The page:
UK unveils new climate target to cut emissions by 68% by 2030

3 December 2020, 23:48

Boris Johnson has announced a new UK target for reducing carbon emissions
Boris Johnson has announced a new UK target for reducing carbon emissions. Picture: PA
Nick Hardinges

By Nick Hardinges

Boris Johnson has unveiled a new climate target for the UK to cut its carbon emissions by more than two-thirds by 2030.

The prime minister said the "ambitious" target would see Britain reducing its emissions at the fastest rate of any major economy so far.

It would see greenhouse gases drop by at least 68 per cent on 1990 levels and goes further than previous plans which, under domestic climate law, set the country a target of 61 per cent.

The figure is also considerably higher than the UK's Paris Agreement target, as part of its contribution to the European Union's overall aim, to cut emissions by 53 per cent - though the EU is expected to raise its ambition too.

Britain, which is to host the delayed United Nations Cop26 climate talks in Glasgow next year, is setting out its own national plan for the first time because of Brexit.

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Labour welcomed the announcement but called for a "minimum" threshold to be aimed for and a plan to meet the objective, such as a £30 billion stimulus for a green recovery in the next 18 months.

It also received support from environmental groups, however some said the UK needed policies to help it reach the target faster and that it could still go further.

Ed Matthew, from the Climate Coalition of environmental, social, faith and community organisations and aid agencies, said 68 per cent was a "step up in ambition" and in line with the UK's legal target to cut emissions to net-zero by 2050.

However, he added: "This is important progress but not sufficient. A more ambitious cut is both feasible and necessary to keep us safe and reflect our massive historic carbon emissions.

"We must remember too that the climate will not respond to targets, it will respond to carbon cuts. It is action that counts."

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Under the Paris Agreement, countries have committed to keep global warming to "well below" 2C above pre-industrial levels and to pursue efforts to limit it to 1.5C, seen as the threshold beyond which the worst impacts of climate change will be felt.

To meet the 1.5C target, the world's carbon emissions must fall to net-zero by 2050, with significant cuts in pollution and any remaining emissions offset by planting trees or using technology to capture carbon.

Britain has a legally binding target to cut emissions to net-zero by 2050 and other countries have committed to, or plan to hit, similar long term goals.

Existing national plans up to 2030 put the world well off-track to meet the goals, so countries are due to submit new proposals this year to cut emissions in the next decade.

The UK announcement comes ahead of a climate summit it is co-hosting with the United Nations and France on December 12 to mark five years since the Paris deal was agreed.

Countries are being urged to bring forward new ambitious climate plans as part of the online summit.

Last month, Mr Johnson unveiled a 10-point green plan for efforts to cut emissions, including phasing out conventional cars, increasing low carbon heating in homes, boosting offshore wind and rolling out hydrogen technology.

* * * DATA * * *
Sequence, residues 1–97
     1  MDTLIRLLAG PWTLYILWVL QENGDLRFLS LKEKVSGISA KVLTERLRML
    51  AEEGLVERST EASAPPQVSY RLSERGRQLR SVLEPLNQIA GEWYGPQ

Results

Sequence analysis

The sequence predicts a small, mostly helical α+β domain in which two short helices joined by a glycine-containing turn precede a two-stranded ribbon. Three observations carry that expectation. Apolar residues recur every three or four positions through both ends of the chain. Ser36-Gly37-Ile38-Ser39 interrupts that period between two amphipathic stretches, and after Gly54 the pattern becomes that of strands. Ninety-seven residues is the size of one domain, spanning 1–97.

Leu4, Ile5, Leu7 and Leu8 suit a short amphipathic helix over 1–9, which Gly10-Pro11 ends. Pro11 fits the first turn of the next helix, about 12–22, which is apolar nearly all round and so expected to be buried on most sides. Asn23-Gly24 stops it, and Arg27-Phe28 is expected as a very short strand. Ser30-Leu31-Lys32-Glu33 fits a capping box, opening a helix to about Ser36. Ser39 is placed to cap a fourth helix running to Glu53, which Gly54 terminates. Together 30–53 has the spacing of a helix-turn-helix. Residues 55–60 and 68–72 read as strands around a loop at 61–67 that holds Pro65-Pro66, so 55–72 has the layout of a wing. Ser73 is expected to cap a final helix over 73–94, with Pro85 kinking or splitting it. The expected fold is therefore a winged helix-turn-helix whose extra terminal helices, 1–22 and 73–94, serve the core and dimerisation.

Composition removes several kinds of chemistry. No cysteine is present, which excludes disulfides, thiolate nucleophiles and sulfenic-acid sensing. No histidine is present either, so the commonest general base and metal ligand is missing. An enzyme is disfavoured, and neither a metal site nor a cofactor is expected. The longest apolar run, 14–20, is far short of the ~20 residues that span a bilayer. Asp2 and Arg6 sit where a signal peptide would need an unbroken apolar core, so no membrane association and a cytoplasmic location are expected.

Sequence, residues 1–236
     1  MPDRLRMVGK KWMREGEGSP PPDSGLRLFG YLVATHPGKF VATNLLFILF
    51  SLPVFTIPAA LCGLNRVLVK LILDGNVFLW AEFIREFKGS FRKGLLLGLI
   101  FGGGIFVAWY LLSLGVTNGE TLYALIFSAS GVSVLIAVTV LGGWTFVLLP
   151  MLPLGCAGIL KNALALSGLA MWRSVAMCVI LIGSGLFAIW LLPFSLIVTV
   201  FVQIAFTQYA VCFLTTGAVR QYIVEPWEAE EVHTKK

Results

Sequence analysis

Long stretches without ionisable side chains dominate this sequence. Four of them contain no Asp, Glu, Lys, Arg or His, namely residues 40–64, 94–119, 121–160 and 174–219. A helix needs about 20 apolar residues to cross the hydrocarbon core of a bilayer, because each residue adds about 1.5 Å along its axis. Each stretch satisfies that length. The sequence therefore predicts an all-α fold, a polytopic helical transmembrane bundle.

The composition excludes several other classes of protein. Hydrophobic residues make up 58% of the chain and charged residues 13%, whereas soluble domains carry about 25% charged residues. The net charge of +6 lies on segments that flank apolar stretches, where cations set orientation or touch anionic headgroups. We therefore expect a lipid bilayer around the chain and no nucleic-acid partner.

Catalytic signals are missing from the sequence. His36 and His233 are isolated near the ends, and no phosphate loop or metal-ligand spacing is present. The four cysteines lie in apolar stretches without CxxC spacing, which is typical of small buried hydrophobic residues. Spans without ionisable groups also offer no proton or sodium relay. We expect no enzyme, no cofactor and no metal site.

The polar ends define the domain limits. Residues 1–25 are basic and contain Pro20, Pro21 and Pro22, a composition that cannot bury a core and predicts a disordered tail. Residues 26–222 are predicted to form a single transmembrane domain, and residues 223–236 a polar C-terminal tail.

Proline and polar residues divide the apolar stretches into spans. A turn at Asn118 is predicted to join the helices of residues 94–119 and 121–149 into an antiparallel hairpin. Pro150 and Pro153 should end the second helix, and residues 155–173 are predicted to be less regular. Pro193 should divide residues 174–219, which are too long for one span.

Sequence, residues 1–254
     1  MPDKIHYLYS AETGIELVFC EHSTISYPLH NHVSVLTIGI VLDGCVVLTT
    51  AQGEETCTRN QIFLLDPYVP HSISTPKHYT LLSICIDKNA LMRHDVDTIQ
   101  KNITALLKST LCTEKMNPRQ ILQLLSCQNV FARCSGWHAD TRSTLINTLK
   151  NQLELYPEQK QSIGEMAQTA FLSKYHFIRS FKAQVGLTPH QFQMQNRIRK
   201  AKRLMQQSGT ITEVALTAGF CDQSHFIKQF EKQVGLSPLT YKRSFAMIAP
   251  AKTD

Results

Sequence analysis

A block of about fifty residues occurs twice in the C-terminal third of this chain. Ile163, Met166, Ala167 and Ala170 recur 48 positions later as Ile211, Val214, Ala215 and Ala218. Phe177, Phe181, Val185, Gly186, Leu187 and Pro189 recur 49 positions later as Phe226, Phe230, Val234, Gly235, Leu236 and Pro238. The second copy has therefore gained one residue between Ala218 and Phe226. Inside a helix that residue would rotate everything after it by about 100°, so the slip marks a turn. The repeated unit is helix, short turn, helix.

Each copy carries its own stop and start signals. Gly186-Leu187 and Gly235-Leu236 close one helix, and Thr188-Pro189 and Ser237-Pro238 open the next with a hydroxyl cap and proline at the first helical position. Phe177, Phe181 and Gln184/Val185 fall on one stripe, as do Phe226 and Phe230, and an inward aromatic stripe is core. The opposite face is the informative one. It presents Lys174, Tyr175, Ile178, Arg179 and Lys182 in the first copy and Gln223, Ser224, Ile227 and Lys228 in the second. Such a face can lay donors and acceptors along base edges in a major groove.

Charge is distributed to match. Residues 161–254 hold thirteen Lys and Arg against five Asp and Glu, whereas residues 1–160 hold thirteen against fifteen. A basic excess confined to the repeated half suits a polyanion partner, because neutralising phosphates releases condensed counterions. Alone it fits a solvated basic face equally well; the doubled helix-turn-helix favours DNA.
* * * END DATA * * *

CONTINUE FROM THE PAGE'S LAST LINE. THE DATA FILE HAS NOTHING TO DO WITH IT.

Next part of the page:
Setting out the new target, he said: "We have proven we can reduce our emissions and create hundreds of thousands of jobs in the process - uniting businesses, academics, non-governmental organisations (NGOs) and local communities in a common goal to go further and faster to tackle climate change.

"Today, we are taking the lead with an ambitious new target to reduce our emissions by 2030, faster than any major economy, with our 10 Point Plan helping us on our path to reach it.

"But this is a global effort, which is why the UK is urging world leaders as part of next week's Climate Ambition Summit to bring forward their own ambitious plans to cut emissions and set net-zero targets."

The government's announcement comes in the wake of new UN reports detailing how 2020 was one of the hottest years on record, driving weather extremes, rising seas and wildfires. They also suggested that countries must cut fossil fuel production by 6 per cent a year to meet goals to curb dangerous climate change.

Business and Energy Secretary and Cop26 president Alok Sharma said: "The UK's new emissions target is among the highest in the world and reflects the urgency and scale of the challenge our planet faces.

"I hope other countries join us and raise the bar at next week's UN Climate Ambition Summit, and ahead of the Cop26 climate conference in Glasgow next year."

Government advisers, the Committee on Climate Change, recommended the target of at least 68 per cent cuts in a letter to the business secretary in recent days.

Committee chairman Lord Deben said it would be "eminently achievable" if effective policies were introduced across the economy without delay, which, in turn, would bring significant benefits for the UK's economic recovery.

Shadow business and energy secretary Ed Miliband said: "We welcome the important strengthening of the 2030 UK target. But we believe this is the minimum we should aim for.

"Our goal should be to go further and faster, cutting the significant majority of emissions in this decisive decade, which is the right way to lead in creating the climate jobs of the future and keeping global warming below 1.5C."

He warned of a "yawning gap" between the government's aspirations and policies to deliver them. He also called for a plan which would lay out the policies to tackle the climate emergency and do so in a way that creates jobs and is fair.